My brother had run across the street to call 911. Considering the rural area, it was pretty uncommon to have a neighbor right across the street. While talking to the 911 operator on the neighbor’s cordless phone my brother ran to the far side of the house away from the neighbor’s and couldn’t get a signal. I took the phone from him and walked back toward the street to get a good enough connection.
I don’t remember much of the conversation other than being asked about anything explosive being near or attached to the house. Forgetting about the 1,000 gallon propane tank, I said no. Fortunately, my father disconnected it so my forgetfulness didn’t become disastrous.
I returned the phone to my neighbor, who invited me in. I could see smoke billowing out of the living room window on the side of the house.
Can We Hang Out at Your Place Instead?
I called my friend.
“Hey, remember how you were going to come over today? Can I go over there instead? My house is kind of on fire.”
My friend laughs, probably assuming I am not serious.
I say nothing.
“Wait, what? Are you serious?” I haven’t spoken to him now in more than ten years, other than Christmas cards and over Facebook. I can still hear his voice on that phone call.
“Yeah. What size shoe does your brother wear? I don’t have any shoes.”
I don’t remember a lot of the particulars other than he was going to come pick me up. Another neighbor from a ways down the street had brought me a pair of snow boots that belonged to her son. I remember reading the comics while I waited for my friend and when I finished those, I started looking for a job in the classifieds.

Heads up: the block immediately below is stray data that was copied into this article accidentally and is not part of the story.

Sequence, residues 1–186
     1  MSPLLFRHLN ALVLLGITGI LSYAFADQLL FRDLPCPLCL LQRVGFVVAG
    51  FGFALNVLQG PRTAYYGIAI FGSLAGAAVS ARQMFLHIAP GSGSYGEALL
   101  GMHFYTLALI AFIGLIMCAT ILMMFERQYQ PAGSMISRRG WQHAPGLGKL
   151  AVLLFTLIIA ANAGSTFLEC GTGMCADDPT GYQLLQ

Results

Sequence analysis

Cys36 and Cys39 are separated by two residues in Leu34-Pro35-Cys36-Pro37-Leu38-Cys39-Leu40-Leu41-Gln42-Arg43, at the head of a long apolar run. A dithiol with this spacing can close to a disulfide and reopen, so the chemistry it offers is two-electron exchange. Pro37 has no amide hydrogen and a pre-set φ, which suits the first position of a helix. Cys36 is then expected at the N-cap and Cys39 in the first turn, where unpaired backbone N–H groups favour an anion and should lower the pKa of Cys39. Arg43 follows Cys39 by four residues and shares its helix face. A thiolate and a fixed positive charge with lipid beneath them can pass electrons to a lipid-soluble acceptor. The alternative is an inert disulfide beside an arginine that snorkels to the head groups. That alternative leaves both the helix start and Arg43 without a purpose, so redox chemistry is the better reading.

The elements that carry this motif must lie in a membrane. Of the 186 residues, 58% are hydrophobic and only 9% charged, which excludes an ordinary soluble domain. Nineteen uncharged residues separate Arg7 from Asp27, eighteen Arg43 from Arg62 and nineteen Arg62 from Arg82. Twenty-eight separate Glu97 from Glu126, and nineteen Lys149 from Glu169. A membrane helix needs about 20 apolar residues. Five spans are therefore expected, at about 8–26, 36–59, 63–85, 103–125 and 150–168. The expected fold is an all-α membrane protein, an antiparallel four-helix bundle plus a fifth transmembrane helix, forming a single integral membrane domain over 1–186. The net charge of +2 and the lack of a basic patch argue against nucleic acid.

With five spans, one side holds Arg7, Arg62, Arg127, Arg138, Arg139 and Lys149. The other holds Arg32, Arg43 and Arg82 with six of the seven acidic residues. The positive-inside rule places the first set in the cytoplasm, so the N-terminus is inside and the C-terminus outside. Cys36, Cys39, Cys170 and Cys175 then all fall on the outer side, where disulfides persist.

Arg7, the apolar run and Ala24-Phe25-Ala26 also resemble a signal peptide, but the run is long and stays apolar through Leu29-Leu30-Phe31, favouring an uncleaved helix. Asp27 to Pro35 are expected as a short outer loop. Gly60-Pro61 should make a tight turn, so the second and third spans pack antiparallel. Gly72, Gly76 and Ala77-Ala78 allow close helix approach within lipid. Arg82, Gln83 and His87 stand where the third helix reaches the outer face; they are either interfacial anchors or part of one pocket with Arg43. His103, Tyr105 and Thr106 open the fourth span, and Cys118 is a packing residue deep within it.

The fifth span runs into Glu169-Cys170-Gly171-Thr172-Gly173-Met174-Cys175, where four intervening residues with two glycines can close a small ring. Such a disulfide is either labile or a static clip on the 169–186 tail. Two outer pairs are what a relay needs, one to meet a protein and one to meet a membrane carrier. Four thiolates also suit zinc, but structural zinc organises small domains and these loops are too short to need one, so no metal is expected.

Surely I told someone in my family where I was going, but I don’t remember doing that. Maybe I asked my neighbor to let them know. I was probably in shock and I really didn’t want to watch the billowing smoke anymore. I just wanted to leave.
The Legend of Zelda: Ocarina of Time
My friend had gotten a Nintendo 64 and the latest Zelda game. I started a game. I don’t remember how far I got. More friends showed up – friends who were older than me and I hadn’t seen since they started college. Through an almost miraculous word of mouth, they found out what had happened and figured out where I was.
Two of my friends were twin brothers. Their father had passed away from a lengthy bout with cancer the year before. I remember skipping school just to hang out and help comfort them. I remember placing my arm around one of their shoulders and saying, “Everything’s going to be okay.” I don’t remember if was then or later, but they told me that really had helped them that day.
I wonder if they had realized they were repaying the favor just by dropping by when they heard what had happened to me. I don’t remember for sure, but I wouldn’t be surprised if both of them had placed his arms around my shoulders and said, “Everything’s going to be okay.”
That night, my friend and I went to a high school volleyball game. I knew more friends would be there and I had several friends on the volleyball team.
One of my friends, upon hearing the new, “Wait, your house burned down and you came to a volleyball game?”
“Well, I can’t go home… so… yeah.”
He probably meant “Why aren’t you with your family?” and I don’t think I could have answered him.
Feeling a Little Homeless
It was pretty cramped at my grandma’s – or at least I thought it would be. Maybe I was just being an emo teenager whose house had just burned down and I didn’t know where I wanted to be. I stayed at my friend’s the next couple of nights. I was taken in by another friend that lived on the other extreme end of “town” (maybe school district would be a better term). It was at least 25 minutes from my house. I mean, from where my house used to be. I stayed with them until my family was able to find a home to rent. Funny enough, ended up renting the house they had rented while my grandma and grandpa built their house.